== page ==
Sigh. It feels like every time I'm coasting in some sort of newly found satisfaction, something else cries out to be dealt with. So, I will continue to snack on hummus and go to sleep each night with a large glass of whole chocolate milk, reminding myself that what I am doing has a larger purpose, that I can survive tight jeans and that God is using this particular struggle to renew my understanding of his perfect and beautiful acceptance of who he has made me to be.

Sunday, March 7, 2010

A Word from Father Merton

I've developed some new friends these past months along the way of my journey and one of those is Father Thomas Merton. I can read him for pages, not totally sure whether I get him and then all of a sudden, zing!, He's spoken directly to my soul. This morning, as I sat out on my sun-drenched deck, soaking in the scriptures, journaling, praying, reading and just being I was reminded again of my tendency to be a doer, to find much of myself in what I can produce. And Father Merton articulates so well what happens when the doing overtakes me. So, I will let him speak his words...I could not put them into my own in any more eloquent a way than he already has.

"...many contemplatives never become great saints, never enter into close friendship with God, never find a deep participation in His immense joys, because they cling to the miserable little consolations that are given to beginners in the contemplative way.

How many there are who are in a worse state still: they never even get as far as contemplation because they are attached to activities and enterprises that seem to be important. Blinded by their desire for ceaseless motion, for a constant sense of achievement, famished with a crude hunger for results, for visible and tangible success, they work themselves into a state in which they cannot believe that they are pleasing God unless they are busy with a dozen jobs at the same time. Sometimes they fill the air with lamentations and complain that they no longer have any time for prayer, but they have become such experts in deceiving themselves that they do not realize how insincere their lamentations are. They not only allow themselves to be involved in more and more work, they actually go looking for new jobs. And the busier they become the more mistakes they make. Accidents and errors pile up around them. They will not be warned. They get further and further away from reality- and then perhaps God allows their mistakes to catch up with them. Then they wake up and discover that their carelessness has involved them in some gross and obvious sin against justice, for instance, or against the obligations of their state. So, having no interior strength left, they fall apart." Thomas Merton, New Seeds of Contempation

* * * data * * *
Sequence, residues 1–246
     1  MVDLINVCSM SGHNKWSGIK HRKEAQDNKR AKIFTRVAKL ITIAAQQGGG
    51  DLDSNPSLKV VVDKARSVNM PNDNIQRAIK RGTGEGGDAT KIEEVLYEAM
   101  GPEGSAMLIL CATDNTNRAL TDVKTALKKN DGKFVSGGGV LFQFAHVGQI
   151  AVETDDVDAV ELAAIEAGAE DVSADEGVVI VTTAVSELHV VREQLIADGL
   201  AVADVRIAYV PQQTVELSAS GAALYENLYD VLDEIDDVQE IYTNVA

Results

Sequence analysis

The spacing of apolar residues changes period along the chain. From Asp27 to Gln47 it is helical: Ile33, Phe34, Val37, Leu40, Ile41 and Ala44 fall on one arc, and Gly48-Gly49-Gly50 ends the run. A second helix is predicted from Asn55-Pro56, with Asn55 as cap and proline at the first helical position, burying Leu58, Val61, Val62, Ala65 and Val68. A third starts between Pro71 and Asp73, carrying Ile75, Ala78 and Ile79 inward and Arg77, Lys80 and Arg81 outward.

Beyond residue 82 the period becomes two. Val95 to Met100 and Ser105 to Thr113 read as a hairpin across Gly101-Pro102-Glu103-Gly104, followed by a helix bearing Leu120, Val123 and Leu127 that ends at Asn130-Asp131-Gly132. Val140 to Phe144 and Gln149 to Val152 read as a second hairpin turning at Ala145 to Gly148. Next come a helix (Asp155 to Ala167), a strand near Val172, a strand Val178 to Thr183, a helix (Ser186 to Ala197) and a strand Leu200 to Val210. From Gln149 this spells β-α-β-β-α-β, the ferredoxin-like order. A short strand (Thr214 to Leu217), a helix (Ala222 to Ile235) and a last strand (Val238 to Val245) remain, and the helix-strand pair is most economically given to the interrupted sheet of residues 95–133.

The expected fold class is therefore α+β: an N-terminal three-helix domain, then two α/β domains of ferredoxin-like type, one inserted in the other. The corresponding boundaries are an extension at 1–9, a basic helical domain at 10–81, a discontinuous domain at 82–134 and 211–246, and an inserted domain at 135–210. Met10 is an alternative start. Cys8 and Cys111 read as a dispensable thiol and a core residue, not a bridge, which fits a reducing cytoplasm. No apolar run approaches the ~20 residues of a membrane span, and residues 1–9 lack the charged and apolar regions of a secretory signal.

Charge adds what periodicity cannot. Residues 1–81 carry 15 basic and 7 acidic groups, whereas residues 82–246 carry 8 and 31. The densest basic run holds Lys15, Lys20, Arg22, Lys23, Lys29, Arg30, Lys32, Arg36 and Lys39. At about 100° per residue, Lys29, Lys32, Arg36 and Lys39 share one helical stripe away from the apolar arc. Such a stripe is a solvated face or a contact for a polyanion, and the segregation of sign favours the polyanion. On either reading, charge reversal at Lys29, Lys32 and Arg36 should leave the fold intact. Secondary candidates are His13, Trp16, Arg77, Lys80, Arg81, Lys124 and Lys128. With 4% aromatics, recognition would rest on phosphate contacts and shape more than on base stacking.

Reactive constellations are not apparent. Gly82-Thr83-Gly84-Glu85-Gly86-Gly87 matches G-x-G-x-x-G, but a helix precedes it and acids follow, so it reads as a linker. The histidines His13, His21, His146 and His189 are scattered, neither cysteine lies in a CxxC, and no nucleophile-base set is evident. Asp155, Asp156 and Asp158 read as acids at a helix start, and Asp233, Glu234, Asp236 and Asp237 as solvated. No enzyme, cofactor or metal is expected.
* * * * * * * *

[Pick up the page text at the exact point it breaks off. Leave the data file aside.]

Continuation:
I'm listening Father, I'm listening. May it not be so with me.

Saturday, March 6, 2010

An Empty House

There was a time in my life when I could be very bored in an empty house. Maybe the year I lived alone, certainly when I was a teenager and didn't know how to self-entertain as well as I do now. Since having a kid, I rarely have that problem. A few hours to myself usually fly by, filled with to-do lists and uninterrupted phone calls and rest. Now, I've not only been given a few hours but for a few days here, I've been gifted my home, a quiet, family-up-in-VA, no-one-in-the-guest-room empty house. And I have no idea what to do with myself.